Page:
Outline the classification and effects of beta-blocking drugs with examples (50% of marks). Compare and contrast the pharmacokinetics of metoprolol with esmolol (50% of marks).
Beta-blocking drugs were generally well classified. Selectivity, membrane stabilising activity and ISA should have been mentioned. Many candidates omitted or poorly answered the ‘effects’ of beta blockers. Candidates who performed well answering the pharmacokinetics of metoprolol and esmolol provided a table of the two drugs. Superficial statements such as “hepatic metabolism and renal excretion” attracted minimal marks. The mechanism of action of beta blockers was not requested.
No classification of beta-blockers could possibly incorporate "selectivity, membrane stabilising activity and ISA" all into a single taxonomy, so where the college examiners asked to "outline", what they really mean was "give us three separate classification systems". Thus:
|According to selectivity||According to membrane stabilising effects||According to intrinsic sympathomimetic activity|
Combined α- and β-blocker effect
With this anagram-like exercise behind us, the rest of the question can be answered by the reptilian hindbrain, requiring nothing more than the direct recall of stored information.
|Class||Beta blocker||Beta blocker|
|Routes of administration||Oral or IV||IV|
|Absorption||50% oral bioavailability||0% oral bioavailability|
|Solubility||pKa 9.7, poor lipid solubility||pKa 9.5, minimal lipid solubility|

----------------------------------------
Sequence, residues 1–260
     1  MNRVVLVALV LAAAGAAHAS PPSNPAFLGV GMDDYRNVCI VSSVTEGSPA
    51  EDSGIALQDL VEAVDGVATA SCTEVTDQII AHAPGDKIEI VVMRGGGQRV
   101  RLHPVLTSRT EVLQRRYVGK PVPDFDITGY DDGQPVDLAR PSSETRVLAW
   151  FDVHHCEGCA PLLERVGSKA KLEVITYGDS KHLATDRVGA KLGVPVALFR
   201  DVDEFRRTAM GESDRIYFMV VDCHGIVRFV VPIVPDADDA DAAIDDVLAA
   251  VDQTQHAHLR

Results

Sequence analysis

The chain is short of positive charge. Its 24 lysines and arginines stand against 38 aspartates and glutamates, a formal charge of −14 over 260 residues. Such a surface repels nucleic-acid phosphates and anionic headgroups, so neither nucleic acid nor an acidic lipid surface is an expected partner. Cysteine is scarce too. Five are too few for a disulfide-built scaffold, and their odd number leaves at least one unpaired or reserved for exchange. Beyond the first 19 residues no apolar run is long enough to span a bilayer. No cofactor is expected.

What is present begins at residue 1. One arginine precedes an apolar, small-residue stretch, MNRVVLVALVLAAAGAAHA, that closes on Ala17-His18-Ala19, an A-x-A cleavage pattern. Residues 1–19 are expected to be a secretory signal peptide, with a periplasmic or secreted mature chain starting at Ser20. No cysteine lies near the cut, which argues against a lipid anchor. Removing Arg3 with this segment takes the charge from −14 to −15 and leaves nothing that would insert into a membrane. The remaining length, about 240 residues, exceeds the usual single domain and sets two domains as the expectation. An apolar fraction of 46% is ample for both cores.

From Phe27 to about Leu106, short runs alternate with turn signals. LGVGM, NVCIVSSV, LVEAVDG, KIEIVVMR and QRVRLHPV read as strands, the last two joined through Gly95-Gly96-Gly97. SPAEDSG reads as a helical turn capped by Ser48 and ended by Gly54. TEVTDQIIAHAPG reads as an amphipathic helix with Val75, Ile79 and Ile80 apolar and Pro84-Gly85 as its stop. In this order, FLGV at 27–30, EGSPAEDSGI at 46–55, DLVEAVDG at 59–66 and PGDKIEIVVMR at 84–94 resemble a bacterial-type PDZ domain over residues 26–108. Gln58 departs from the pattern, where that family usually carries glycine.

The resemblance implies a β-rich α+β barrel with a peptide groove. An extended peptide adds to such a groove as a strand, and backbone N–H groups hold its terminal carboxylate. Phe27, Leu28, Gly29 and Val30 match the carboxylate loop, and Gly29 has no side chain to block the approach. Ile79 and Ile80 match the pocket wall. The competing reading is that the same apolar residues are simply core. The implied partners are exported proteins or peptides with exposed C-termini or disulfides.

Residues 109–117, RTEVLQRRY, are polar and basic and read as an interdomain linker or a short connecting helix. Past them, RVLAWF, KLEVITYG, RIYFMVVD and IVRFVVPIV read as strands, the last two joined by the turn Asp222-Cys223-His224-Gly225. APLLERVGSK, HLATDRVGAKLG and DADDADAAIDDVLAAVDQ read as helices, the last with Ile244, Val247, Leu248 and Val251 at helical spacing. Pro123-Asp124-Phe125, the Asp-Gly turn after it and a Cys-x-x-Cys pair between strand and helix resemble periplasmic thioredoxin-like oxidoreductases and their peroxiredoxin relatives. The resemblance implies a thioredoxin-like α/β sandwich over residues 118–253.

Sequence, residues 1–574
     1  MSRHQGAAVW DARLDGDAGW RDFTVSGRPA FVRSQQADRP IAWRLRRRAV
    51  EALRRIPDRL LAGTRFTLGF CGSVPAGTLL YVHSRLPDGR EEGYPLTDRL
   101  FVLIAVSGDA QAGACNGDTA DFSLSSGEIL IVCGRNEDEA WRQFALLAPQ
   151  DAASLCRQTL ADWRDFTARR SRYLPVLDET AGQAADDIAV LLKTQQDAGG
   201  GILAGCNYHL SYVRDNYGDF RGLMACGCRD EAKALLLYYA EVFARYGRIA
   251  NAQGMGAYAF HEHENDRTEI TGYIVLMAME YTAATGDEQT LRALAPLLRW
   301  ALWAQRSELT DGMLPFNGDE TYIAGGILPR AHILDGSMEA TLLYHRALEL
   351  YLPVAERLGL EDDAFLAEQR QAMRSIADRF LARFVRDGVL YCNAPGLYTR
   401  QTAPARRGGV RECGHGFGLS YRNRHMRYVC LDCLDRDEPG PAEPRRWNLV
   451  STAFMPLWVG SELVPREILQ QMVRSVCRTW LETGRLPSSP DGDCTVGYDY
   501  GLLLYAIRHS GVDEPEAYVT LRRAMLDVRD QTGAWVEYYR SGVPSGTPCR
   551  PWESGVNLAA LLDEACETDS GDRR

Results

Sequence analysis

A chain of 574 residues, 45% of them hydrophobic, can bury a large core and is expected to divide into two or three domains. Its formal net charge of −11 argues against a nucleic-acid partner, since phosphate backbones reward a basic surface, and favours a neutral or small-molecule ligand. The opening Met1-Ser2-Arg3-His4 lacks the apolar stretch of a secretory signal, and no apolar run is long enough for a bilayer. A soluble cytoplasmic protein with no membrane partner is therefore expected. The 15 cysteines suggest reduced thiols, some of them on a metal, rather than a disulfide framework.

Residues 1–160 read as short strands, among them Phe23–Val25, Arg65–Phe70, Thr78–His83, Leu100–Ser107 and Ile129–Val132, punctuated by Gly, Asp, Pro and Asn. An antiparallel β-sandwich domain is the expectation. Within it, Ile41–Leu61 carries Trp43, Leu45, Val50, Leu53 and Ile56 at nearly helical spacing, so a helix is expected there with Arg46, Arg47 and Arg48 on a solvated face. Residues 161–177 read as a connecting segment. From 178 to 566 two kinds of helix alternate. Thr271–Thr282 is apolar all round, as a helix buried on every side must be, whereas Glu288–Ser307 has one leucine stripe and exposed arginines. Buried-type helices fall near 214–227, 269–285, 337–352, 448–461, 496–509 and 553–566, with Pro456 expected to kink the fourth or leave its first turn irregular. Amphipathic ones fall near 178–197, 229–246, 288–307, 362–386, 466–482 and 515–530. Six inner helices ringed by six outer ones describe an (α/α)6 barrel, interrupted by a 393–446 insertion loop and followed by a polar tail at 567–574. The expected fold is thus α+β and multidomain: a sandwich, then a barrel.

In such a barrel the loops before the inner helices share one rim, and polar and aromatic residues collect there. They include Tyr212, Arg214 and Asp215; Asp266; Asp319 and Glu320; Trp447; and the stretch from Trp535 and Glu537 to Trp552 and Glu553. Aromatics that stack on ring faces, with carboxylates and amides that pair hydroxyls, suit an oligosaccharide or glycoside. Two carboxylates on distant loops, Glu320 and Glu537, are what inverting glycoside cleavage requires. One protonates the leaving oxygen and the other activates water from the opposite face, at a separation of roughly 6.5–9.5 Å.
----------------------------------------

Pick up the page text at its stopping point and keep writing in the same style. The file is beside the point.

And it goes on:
|Distribution||VOD 2.8-4.8 L/kg; only 12% protein bound||VOD 3.4 L/kg; 60% protein bound|
|Target receptor||Selective β1 receptor blocker||Highly selective β1 receptor blocker|
|Metabolism||Mainly hepatic clearance||rapidly metabolized in blood by hydrolysis of its methyl ester linkag|
|Elimination||minimal renal excretion; half-life 3-4 hrs||minimal renal excretion; half-life 9 min|
|Time course of action||Clinical effects persist for longer than the half life would suggest, because they are mainly determined by drug-receptor affinity||Rapid onset and offset of effect|
Cruickshank, J. M. "Are we misunderstanding beta-blockers." International journal of cardiology 120.1 (2007): 10-27.
López-Sendó, José, et al. "Expert consensus document on β-adrenergic receptor blockers: The Task Force on Beta-Blockers of the European Society of Cardiology." European heart journal 25.15 (2004): 1341-1362.
Oliver, Eduardo, Federico Mayor Jr, and Pilar D’Ocon. "Beta-blockers: Historical perspective and mechanisms of action." Revista Española de Cardiología (English Edition) 72.10 (2019): 853-862.
Gorre, Frauke, and Hans Vandekerckhove. "Beta-blockers: focus on mechanism of action Which beta-blocker, when and why?." Acta cardiologica 65.5 (2010): 565-570.
Johnsson, Gillis, and C-G. Regårdh. "Clinical pharmacokinetics of β-adrenoceptor blocking drugs." Clinical pharmacokinetics 1.4 (1976): 233-263.
Kendall, Martin J. "Clinical relevance of pharmacokinetic differences between beta blockers." The American journal of cardiology 80.9 (1997): 15J-19J.
McDevitt, D. G. "Comparison of pharmacokinetic properties of beta-adrenoceptor blocking drugs." European heart journal 8.suppl_M (1987): 9-14.